Exploiting Opening Errors 2

Exploiting Opening Errors 2

Learn to refute your opponent’s suspicious opening play!

This course is aimed at stronger players than the introductory opening errors course. Build upon the foundation that was created in the previous lesson and learn essential opening traps and how to punish poor opening play!

Here is what you will learn:

  • Learn key tactics to score quick wins!
  • Learn positional ideas to get an easy game.
  • Improve your ability to handle opening surprises!

"So far my favorite lessons are these ones!" - Chess.com member overfractured

Broken Tension

Broken Tension

White has just played 9. d5?! when Bf1 is almost universally played. Can black benefit from white releasing the tension?
2 Challenges
Draw so soon?

Draw so soon?

Black has just played Nbd7 in a position where a5 was always considered the main move. Note that this is identical to the position 2 moves before with the exception that there is no pawn on c4 (Nxc4 Nb6 Ne5 Nbd7 has been played). How should White react to this early proposal of a repetition of moves?
1 Challenge
Safety First

Safety First

In a normal looking Slav Defense, black has played Bf5 when many other moves have been preferred. How should White react?
2 Challenges
Light Squares

Light Squares

In a position where Black has played many moves before: a6, e6, g6, Nc6-- This time Black has played the move e5?!.
2 Challenges
Queen-a-licious!

Queen-a-licious!

In a normal-looking Rubinstein French structure, something is amiss...
2 Challenges
Catalan, or not?

Catalan, or not?

In this normal double fianchetto position, White has offered the c4 pawn Catalan-style. How should Black react?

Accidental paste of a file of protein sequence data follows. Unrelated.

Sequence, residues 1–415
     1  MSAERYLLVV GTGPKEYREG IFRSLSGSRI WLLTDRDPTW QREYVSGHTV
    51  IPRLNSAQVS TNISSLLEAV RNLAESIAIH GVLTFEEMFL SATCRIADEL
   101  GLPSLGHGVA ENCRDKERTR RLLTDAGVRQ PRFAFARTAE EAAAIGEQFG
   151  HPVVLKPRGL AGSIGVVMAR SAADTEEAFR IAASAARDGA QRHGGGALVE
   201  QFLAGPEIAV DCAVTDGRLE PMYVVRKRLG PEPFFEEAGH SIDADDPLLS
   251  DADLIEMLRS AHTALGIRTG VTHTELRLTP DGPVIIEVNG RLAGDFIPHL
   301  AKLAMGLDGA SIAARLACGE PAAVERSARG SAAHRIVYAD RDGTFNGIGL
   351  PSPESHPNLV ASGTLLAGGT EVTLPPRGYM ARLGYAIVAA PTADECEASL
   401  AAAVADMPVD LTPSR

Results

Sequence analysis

2 Challenges
Safety Not First

Safety Not First

In this position, White has immediately advanced f5. Has White adequately prepared this aggressive thrust?
3 Challenges
Typical, or not?

Typical, or not?

b5 is a very normal plan in the Najdorf, but it is almost never played this early.
2 Challenges
Strange Grunfeld

Strange Grunfeld

White has played a seemingly ridiculous move against the Grunfeld, but refuting it is not so easy to do...
1 Challenge
Move Order Woes

Move Order Woes

In a typical Rauzer, White has played f4?! before castling queenside, which is not typical.
2 Challenges
Move Order Woes 2

Move Order Woes 2

The attack on the g7-pawn is the most testing line White can play against the Winawer French, but here White has played moves out of order. What should black do about it?
1 Challenge
Unprepared Recapture

Unprepared Recapture

In what was a normal Slav, White neglected to play a4.
2 Challenges
Unprepared Recapture 2

Unprepared Recapture 2

In a very similar way to the previous example, White neglected to play a4. Now what?
2 Challenges
London Goes Down

London Goes Down

In a normal Reti opening, Black has played Bf5?! instead of the more normal Be6. How should White respond?
4 Challenges
London Goes Down 2

London Goes Down 2

The London system enjoys a reputation as being a very solid opening, even if not the most ambitious. Here we will see how to kill it!
3 Challenges
Lack of Development 2

Lack of Development 2

In a normal looking Qc2 Nimzo, White has played c5?!, which gains space but neglects development. How should Black react?
2 Challenges
Wrong Knight

Wrong Knight

In what was a normal looking Benko, Black has chosen to put the wrong knight on d7.
1 Challenge
Good Pieces and Bad Pieces

Good Pieces and Bad Pieces

In a standard Benoni, White has played e4 much earlier than normal.
1 Challenge
Grabby Guy

Grabby Guy

Black is very hungry for pawns.
2 Challenges
Hidden Resources

Hidden Resources

White has played a very natural move in Be2, but this was a serious inaccuracy..
1 Challenge

Exploiting Opening Errors 2

Openings
20 Lessons
No Videos
38 Challenges
Released July 28, 2011
19,850 Students